Berlin Art Week
A few weeks ago I was in Berlin, coincidentally during Berlin Art Week (or was this my fate?). The following crossed my path:
A painting by Birgit Brenner at Eigen + Art, about which (like so much of what passed my field of vision) I am not quite sure what I think of it. “There will never be another you”, sounds to me like a message that is both reassuring and disturbing.
Microcosm Macrocosm by Yamamoto Masao at Alfred Ehrhardt Stiftung Berlin was an exhibition in which I, as a coincidental passer-by, was drawn into, enchanted by the shop window. I had never heard of the photographer before. The exhibition text tells: “Yamamoto is known for his small-format silver gelatin prints, that he reworks through tinting, painting over them, or other manual interventions to the point that they almost become objects, carrying reminiscences of the past. As diverse as his motifs are, his images are expressions of an attitude of humility, as propagated by the Chinese philosopher Laozi, who considered humanity as only one small part of nature, which in turn is merely a miniscule part of an immense universe. By observing all the minute things around him, Yamamoto finds a key for accessing the all-encompassing nature of the universe that he captures on photographic paper.”
These “cute” embroideries by Ugemfo I came across at „Miete Strom Instagram“ (Rent Electricity Instagram) by Walch&Winkler. From their Facebook event: “„Miete Strom Instagram“ is an event designed to reflect the work and living conditions prevalent among artists in Berlin. (…) Beyond their artistic and geographic context, the works on show share a common functionality, reflecting the circumstances of their production. This is evident in their manifestation in the form of lamps, shoes and clothes, the objects highlight the artist’s need to create alternative means of income. The objects assembled in “Miete Strom Instagram” reveal a host of strategies and work methods that have arisen out of necessity among the artistic community.”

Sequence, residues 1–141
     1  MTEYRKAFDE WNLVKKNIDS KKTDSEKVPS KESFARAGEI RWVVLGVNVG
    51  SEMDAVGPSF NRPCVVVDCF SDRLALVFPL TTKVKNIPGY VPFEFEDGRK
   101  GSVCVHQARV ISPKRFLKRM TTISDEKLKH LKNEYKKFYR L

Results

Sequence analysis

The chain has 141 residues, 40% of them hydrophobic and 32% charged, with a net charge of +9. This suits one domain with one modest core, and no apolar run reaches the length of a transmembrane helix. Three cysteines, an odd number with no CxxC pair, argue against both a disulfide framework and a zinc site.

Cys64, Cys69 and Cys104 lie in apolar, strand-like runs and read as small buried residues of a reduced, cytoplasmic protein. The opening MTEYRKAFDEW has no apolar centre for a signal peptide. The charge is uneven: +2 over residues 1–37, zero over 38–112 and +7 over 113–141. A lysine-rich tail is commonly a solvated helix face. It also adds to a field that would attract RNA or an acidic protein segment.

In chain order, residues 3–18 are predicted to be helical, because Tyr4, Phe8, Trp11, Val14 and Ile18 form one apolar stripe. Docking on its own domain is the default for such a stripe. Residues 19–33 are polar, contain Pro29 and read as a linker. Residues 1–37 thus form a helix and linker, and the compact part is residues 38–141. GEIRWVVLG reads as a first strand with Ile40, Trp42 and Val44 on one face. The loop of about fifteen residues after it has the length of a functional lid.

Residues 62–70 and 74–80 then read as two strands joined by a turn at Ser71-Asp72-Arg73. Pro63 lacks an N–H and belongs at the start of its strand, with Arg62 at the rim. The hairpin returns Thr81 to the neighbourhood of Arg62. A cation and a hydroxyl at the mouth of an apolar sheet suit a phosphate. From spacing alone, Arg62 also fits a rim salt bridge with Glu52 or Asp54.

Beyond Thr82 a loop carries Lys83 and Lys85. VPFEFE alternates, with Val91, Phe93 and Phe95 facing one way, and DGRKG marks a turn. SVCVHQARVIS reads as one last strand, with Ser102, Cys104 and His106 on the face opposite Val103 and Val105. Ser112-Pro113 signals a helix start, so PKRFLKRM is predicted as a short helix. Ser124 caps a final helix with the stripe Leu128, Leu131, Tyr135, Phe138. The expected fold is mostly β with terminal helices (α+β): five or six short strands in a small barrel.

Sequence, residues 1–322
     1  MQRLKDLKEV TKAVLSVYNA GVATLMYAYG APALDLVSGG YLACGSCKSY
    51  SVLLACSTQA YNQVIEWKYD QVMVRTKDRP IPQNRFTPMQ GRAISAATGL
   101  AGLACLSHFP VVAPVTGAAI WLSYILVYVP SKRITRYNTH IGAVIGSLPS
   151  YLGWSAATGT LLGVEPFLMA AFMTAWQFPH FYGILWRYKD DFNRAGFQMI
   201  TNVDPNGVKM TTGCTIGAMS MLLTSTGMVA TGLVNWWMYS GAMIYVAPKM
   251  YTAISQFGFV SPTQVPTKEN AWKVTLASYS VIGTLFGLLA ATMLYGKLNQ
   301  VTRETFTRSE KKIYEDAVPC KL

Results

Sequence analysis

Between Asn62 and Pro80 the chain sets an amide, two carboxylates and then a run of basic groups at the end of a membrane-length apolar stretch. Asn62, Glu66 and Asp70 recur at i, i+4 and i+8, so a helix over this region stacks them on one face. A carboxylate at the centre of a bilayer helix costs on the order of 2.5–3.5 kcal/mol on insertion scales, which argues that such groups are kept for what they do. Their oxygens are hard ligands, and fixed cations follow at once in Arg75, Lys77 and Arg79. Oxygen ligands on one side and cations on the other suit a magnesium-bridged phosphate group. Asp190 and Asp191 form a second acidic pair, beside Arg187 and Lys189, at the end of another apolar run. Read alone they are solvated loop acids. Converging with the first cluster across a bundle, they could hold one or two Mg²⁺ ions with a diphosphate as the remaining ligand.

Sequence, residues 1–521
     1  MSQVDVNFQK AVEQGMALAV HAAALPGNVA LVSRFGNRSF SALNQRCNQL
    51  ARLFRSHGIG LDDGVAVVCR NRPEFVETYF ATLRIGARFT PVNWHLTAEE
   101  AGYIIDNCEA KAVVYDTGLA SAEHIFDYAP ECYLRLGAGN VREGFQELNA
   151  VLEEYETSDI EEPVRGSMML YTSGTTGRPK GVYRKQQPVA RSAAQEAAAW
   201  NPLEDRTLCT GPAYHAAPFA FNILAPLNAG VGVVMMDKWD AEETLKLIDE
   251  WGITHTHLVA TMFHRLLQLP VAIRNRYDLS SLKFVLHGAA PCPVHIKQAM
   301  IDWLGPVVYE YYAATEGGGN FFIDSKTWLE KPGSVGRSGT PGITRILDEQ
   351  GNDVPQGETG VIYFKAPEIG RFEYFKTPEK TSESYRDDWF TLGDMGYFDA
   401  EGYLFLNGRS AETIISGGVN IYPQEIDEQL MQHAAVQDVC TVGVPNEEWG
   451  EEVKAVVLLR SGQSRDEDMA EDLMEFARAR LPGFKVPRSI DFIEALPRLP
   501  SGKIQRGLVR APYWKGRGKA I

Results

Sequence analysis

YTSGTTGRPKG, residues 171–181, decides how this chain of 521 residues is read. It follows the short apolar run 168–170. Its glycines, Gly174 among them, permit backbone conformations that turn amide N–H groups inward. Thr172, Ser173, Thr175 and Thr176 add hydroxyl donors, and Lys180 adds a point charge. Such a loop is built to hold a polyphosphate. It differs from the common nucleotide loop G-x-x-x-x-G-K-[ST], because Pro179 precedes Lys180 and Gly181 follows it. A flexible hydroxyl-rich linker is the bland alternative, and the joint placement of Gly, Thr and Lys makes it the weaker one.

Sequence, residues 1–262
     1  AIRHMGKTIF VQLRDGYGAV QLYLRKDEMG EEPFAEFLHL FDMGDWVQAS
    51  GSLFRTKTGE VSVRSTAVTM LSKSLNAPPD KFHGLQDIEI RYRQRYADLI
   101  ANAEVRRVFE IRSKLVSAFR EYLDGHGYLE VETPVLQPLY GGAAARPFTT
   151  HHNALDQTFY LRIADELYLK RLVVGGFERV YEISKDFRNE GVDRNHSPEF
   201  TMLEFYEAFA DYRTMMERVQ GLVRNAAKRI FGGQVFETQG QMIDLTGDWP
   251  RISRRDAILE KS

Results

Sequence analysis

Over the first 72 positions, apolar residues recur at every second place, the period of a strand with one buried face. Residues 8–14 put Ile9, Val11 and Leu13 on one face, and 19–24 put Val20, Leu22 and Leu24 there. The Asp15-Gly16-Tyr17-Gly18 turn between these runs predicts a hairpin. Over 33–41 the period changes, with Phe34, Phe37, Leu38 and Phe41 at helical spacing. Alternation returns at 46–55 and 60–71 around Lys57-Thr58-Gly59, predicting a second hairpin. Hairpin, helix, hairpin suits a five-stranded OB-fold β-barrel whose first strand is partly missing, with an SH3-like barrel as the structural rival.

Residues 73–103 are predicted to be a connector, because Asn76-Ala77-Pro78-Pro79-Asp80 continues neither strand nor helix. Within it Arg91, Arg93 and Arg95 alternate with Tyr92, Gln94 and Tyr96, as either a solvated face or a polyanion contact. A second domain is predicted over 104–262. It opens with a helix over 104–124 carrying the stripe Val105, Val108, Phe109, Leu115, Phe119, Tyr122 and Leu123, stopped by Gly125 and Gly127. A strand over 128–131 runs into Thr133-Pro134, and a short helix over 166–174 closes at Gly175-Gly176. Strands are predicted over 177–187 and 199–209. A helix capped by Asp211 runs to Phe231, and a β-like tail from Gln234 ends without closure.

This drawing by Lin May Saeed (I’m not 100% sure if it’s hers, I have to admit; if you know better, let us know) was on display at Bar Babette. For some reason I was attracted to it. Maybe it was the back to basic lifestyle I saw there in combination with the unpretentious gesture that the lines seemed to radiate. Bar Babette went into her last month of existence. From their website: “At the end of September 2018, the iconic Bar Babette will vacate its historic building on Berlin’s Karl Marx Allee. Its closure is a sign of our times and an echo of the city’s gentrification and radical economic evolution. Over the bar’s fifteen years of existence, it has become both a gathering place and an ad hoc institution for the many communities of Berlin’s art scene, which have contributed in their own ways to the city’s cultural richness and attractiveness.” Sounds like a true loss.
Freely translated from Dutch “we fell with our noses in the butter” at “Me Collectors Room” where “The Moment is Eternity – Works from the Olbricht Collection” was just opened with a delicious breakfast buffet. Also the show was good to digest. There was a lot of photographic work to see, classics from the 90s, and among others this giant painting of the master of hyperrealism, Franz Gertsch, one of my favourites at the time. A little hidden in the back and up a narrow staircase, we suddenly reached the “Wunderkammer” where we discovered one after the other rarity and treasure.
In Galerie Xavierlaboubenne we were personally guided by Anton Stoianov (not entirely coincidentally our host this week; top artist, top host!) through his solo show which this time consists of a series of paintings within the layers of mirrors. Stoianov is an artist who doesn’t easily repeat himself and reinvents himself every time. From the gallery website: “Escaping the repetition of stylistic ideas, Anton Stoianov continues to develop new modes of painting through aesthetic inventions. Anton Stoianov’ s apprenticeship at the Glaser-Innung Berlin for the last two years inspired paintings with ecological miralite revolution mirrors, made of silver instead of lead. The tension between control and hazard of the material produces unexpected layers and seductive-repulsive combinations. The muddied chromatic explosion on cold reflector hints upon the critical reality of planetary doomsday.”